The Individual in the Collective
The Collective is composed of literally billions of Individuals—each one One in his or her own right. The Collective becomes a means and justification for what one Does, as the aforementioned Units (and beyond) have a tremendous effect on the Individual and his or her desires. Think of the instances when One does something for the sake of someone else—whether to aid or assist them or to impress and please them. Either way, the context of Perspective leaves the Individual striving for the Self, yet striving for Others. This contradiction presents a dynamic that the Individual must fight to a certain degree:
First, the Individual must decided which aspects of the Collective are those that hold a place of high regard in his or her life. In other words, the Individual must decide which of those Units could potentially conflict with his or her Oneness. Perhaps the most common interference comes from the Individual him/herself: How one chooses or has the desire to Live beyond the Oneness of the Self. Some often says that they chose to Live for others; however, in the aforementioned distinction between Living and Being given, this phrase must be corrected and say that one instead Is for someone else.
The Individual is left with one dilemma within the confines of the Self: Is it nobler to Live, Do, or Be for One or for someone else? Looking at the difference among the Trifecta that comprises the Individual, one can determine the differentiation among the Individual and Collective views of each. For Living—because Living refers to one simply surviving with the means of basic Human needs satisfied sufficiently—is perhaps most noble (when noble at all) when done for the sake of another; the majority of those in the Collective can agree that assisting Individuals in the process of Living is an action of piety and loyalty to both the Individual and the Collective (this is perhaps the closest that we as a Collective will ever get to a Collective Ideal). The concept of Doing complicates the matter significantly more. Because what One Does distinguishes him or her from the rest of those in the Collective, the motive that drives One to Do one thing over another is more perhaps more crucial than what one actually does. One must decided not what to Do, but why to Do what One Does. These motives are only considered noble or unnoble by the Collective. Doing something for the Self and only the Self is often considered selfish—which inhibits the act of Being. Because Being becomes what One Does without concern for Living, it is inherently selfish to Be. The Individual Is what the Individual wants to Be, and only true Being comes only from the motives and desires of the Individual. To Be transcends any thought of Living—in other words, it Being is Doing without concern for Living. However, the question remains as to whose Living One can ignore in Being and still be noble. Thus, the second aspect of the aforementioned dynamic.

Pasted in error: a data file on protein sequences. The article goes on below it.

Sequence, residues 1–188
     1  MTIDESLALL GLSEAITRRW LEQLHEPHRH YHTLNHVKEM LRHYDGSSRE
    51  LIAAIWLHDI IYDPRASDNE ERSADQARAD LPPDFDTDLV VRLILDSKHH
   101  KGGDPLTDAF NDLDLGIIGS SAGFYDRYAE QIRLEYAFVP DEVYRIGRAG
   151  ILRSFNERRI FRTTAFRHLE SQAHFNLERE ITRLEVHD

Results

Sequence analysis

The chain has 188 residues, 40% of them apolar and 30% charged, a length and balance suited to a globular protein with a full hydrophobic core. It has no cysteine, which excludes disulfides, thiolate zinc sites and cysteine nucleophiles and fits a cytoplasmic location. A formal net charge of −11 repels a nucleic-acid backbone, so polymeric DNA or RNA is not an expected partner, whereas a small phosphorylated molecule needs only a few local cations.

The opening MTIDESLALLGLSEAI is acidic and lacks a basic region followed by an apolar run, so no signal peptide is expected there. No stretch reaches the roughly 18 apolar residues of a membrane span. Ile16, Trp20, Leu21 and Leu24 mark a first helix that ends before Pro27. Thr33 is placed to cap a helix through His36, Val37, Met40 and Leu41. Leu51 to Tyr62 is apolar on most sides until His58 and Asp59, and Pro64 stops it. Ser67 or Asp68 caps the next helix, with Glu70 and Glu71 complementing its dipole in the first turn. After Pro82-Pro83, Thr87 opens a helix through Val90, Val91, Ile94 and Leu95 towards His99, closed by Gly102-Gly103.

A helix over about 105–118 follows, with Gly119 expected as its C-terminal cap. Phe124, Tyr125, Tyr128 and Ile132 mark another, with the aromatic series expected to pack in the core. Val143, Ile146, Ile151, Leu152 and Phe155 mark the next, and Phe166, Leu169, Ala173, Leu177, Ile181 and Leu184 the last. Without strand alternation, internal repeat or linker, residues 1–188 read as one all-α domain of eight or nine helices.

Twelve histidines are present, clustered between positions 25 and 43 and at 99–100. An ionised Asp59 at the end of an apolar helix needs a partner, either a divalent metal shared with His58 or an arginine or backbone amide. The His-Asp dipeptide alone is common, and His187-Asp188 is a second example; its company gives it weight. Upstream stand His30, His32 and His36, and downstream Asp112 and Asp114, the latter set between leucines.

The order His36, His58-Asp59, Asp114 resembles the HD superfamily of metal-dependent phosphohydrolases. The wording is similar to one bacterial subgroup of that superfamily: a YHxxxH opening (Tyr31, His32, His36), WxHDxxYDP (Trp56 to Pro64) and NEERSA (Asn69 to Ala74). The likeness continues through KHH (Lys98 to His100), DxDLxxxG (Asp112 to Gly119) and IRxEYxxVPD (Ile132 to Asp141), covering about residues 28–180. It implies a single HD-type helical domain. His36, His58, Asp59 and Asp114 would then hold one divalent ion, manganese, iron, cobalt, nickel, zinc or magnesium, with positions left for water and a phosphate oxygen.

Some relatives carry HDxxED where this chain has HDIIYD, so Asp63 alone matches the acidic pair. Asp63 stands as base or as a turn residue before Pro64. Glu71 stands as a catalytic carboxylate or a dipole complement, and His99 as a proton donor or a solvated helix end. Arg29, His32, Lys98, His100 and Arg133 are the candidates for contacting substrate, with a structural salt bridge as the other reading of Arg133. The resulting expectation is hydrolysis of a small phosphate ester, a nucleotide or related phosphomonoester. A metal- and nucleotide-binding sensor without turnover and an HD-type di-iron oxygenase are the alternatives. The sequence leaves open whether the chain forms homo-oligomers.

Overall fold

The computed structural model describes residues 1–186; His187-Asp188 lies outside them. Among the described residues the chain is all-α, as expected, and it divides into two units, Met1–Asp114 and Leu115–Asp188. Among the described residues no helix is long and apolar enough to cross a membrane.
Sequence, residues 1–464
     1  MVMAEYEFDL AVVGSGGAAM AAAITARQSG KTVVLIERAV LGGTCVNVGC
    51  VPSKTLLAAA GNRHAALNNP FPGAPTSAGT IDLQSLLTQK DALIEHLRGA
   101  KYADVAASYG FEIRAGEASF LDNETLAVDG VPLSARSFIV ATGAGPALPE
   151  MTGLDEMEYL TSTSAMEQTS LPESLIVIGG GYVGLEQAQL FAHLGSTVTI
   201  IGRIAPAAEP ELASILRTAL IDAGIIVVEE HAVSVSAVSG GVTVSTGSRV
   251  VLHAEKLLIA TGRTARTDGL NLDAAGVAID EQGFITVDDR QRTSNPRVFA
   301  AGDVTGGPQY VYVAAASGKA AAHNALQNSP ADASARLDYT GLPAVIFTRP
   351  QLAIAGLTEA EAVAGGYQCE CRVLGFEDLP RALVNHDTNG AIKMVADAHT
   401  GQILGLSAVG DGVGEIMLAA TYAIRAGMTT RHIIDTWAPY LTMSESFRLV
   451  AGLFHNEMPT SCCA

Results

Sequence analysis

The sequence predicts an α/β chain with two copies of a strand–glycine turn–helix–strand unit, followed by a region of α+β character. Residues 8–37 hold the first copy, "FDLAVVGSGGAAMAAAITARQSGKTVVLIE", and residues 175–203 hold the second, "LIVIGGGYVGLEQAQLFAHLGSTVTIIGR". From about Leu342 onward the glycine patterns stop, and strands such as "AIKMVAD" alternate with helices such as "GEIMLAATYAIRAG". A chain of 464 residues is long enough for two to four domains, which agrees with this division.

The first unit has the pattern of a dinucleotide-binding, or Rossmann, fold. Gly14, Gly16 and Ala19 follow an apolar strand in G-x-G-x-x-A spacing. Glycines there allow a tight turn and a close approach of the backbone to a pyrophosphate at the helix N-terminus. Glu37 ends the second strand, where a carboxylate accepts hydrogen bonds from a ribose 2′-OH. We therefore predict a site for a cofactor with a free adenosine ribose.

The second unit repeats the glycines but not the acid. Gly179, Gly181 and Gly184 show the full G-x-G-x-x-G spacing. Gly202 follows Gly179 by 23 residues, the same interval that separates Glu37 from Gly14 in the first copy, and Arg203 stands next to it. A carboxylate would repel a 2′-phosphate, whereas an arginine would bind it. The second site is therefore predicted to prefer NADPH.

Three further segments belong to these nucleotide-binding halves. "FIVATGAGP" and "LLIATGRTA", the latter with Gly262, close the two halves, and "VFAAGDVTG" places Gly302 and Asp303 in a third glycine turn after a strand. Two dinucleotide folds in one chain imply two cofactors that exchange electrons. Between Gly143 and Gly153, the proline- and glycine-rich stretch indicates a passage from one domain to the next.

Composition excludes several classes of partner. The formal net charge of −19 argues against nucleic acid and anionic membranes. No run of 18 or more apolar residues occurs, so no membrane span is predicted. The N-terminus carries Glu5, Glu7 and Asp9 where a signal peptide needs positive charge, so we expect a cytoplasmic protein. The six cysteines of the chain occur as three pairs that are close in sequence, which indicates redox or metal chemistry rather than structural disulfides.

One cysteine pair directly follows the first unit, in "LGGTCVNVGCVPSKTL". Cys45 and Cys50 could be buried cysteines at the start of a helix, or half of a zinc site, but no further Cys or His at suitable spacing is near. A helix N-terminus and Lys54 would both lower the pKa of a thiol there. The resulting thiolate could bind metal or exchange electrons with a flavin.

The question is whether or not one can Be outside of the wishes of the Self. Being allows one to Do whatever he or she wants for his or her own sake and for concern with nothing else. However, can the Collective and any other individual within the Collective be counted as “nothing else”? The possibility of Being for someone else is strange within itself, as Being allows One to ignore any concerns other than those of the Self—Others and Living.
It would take the most pious Individual to want to Be for Others—One who dedicates the Self entirely to the Collective and Others. However, a contradiction arrises about the Self: If Being for Others fulfills One—makes One happy in a sense—does Being for Others really represent a lack of selflessness? If it gives One pleasure and fulfillment, is it truly for the sake of another and not for the Self? The concept of the Collective would say that this is the best way to Be, but it is not truly Being if not for the Self, as Being allows one to Do for the Self and not for others. There can be no Being for the sake of the Collective, only for the Self.